Professor Weighs in on Football Fallout
March 18, 2011
With the threat of an NFL lockout looking more and more like a reality next season, we asked Economics Professor Akira Motomura, who is an expert in field of sports economics, what economic implications a cancelled 2011 football season would have.
For one, he does not believe a cancelled season will have a big economic impact on fans.
"People will feel a little empty at first on Sunday afternoons, but they'll find something else to do and other places to spend money. Maybe they'll watch more college football or baseball."
He also notes that although the NFL's $9 billion per year revenue "may seem big to some, it's tiny compared to the overall US output of $15 trillion."
Motomura says it is restaurants, bars and souvenir shops near stadiums that could suffer the brunt of a lockout.
"The businesses that depend on football traffic will definitely be hurt as spending could easily shift to other locations," he says.
A prime example is Patriot Place, the new 1.3 million square foot shopping and dining complex adjacent to Gillette Stadium in Foxboro. Recently, an article published in the Sun Chronicle took a deeper look at the economic impact a lockout would have on businesses near Gillette.
It is estimated that the Patriots directly and indirectly generate nearly 2,500 jobs, $11 million in revenue for local businesses, and more than $10 million in income tax revenue for Massachusetts.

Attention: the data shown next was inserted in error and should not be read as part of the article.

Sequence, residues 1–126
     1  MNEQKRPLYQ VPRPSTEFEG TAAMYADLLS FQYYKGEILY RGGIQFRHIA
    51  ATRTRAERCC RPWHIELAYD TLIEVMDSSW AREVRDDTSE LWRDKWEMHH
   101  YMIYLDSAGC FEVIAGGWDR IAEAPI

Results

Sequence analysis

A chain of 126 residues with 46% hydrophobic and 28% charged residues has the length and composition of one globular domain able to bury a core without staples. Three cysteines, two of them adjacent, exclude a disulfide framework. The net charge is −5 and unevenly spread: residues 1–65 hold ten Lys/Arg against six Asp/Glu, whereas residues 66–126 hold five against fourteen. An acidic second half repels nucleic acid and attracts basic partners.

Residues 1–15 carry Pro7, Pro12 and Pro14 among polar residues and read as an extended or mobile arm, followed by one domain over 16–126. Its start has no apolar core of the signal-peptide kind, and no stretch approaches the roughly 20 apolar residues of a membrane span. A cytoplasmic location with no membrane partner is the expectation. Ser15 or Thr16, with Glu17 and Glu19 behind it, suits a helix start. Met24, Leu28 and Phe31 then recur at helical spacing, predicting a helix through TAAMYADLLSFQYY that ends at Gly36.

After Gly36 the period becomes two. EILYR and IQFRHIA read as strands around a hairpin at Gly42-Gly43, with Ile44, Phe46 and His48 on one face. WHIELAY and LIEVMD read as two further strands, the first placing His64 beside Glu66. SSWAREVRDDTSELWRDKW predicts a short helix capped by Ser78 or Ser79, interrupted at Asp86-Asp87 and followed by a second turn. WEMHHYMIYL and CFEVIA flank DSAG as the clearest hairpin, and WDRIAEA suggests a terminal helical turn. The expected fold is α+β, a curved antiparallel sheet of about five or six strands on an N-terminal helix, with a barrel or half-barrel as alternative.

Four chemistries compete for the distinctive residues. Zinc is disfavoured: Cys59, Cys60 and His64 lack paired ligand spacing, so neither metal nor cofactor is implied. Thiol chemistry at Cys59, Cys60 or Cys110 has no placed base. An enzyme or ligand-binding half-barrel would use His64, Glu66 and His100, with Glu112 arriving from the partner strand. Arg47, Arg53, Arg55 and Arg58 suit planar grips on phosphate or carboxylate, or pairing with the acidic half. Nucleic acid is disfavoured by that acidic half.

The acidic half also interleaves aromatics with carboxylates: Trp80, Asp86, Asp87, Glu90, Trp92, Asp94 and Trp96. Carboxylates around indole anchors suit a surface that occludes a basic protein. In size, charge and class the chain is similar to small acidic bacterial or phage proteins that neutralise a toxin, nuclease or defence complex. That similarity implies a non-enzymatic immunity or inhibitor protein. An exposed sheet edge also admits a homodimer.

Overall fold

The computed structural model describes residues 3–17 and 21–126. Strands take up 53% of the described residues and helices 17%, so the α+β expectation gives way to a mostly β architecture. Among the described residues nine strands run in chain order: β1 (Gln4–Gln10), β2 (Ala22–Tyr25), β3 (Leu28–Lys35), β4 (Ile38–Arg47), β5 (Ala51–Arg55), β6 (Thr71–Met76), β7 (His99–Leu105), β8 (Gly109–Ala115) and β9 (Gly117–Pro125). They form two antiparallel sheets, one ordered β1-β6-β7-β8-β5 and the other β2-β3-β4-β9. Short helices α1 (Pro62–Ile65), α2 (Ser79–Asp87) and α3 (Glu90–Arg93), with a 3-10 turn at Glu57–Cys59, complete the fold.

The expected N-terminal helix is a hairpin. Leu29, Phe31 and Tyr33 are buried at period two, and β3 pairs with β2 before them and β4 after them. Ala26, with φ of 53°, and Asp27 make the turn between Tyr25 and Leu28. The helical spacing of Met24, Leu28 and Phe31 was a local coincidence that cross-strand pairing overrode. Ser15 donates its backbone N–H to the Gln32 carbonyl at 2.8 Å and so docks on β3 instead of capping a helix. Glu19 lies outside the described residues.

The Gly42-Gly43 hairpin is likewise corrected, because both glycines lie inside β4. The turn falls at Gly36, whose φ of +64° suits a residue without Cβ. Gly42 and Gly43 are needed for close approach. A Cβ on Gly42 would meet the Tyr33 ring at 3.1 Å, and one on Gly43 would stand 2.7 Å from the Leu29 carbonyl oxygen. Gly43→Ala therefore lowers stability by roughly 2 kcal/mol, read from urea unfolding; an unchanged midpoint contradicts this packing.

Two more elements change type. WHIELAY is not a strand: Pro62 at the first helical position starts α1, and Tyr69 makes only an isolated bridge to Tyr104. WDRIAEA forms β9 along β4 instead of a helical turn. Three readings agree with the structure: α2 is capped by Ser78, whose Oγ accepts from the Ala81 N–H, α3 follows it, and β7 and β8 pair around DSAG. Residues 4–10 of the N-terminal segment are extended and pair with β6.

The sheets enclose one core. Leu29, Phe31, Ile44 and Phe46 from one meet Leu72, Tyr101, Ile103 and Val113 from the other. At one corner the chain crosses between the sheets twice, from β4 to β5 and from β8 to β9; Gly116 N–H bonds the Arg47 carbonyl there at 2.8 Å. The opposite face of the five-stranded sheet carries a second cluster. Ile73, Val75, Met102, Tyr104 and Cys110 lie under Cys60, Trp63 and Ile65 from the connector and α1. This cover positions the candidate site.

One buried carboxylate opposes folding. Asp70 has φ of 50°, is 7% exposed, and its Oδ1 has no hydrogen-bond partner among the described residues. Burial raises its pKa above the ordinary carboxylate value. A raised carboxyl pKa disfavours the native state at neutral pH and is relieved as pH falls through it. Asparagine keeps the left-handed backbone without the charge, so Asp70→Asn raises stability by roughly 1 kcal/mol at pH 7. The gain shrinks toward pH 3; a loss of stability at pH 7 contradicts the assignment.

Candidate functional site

Another area for concern Motomura says could be new nighttime series on the major networks.
"The shows won't get the big promotional push that those networks give on NFL telecasts," he says.
In his long-term analysis for the NFL, Motomura cites the fact fans have come back after previous work stoppages. The 2004-05 NHL season was cancelled after an unresolved lockout.
The 1994-95 Major League Baseball strike was the eighth work stoppage in baseball history and saw the first cancellation of the World Series since 1904. Attendance at games plummeted as did television ratings once the strike was over but, over the course of a few years, the MLB rebounded.
Motomura says one possible difference this time is that "there's lately been an upsurge in women watching football, especially Sunday Night Football. They may react more negatively to a work stoppage."
An additional risk factor this time around could be the increased concern over brain injuries suffered by players.
"As stories continue to come out about the brain damage football players suffer, people might get turned off if they don't get the enjoyment of watching games to override that information."
Motomura has taught at Stonehill since 1995. He has published research on the economic history of 17th century Spain. He has also written essays about economic history textbooks and on teaching Asian American students.
His research interests include the efficiency of player markets in the National Basketball Association and Major League Baseball.
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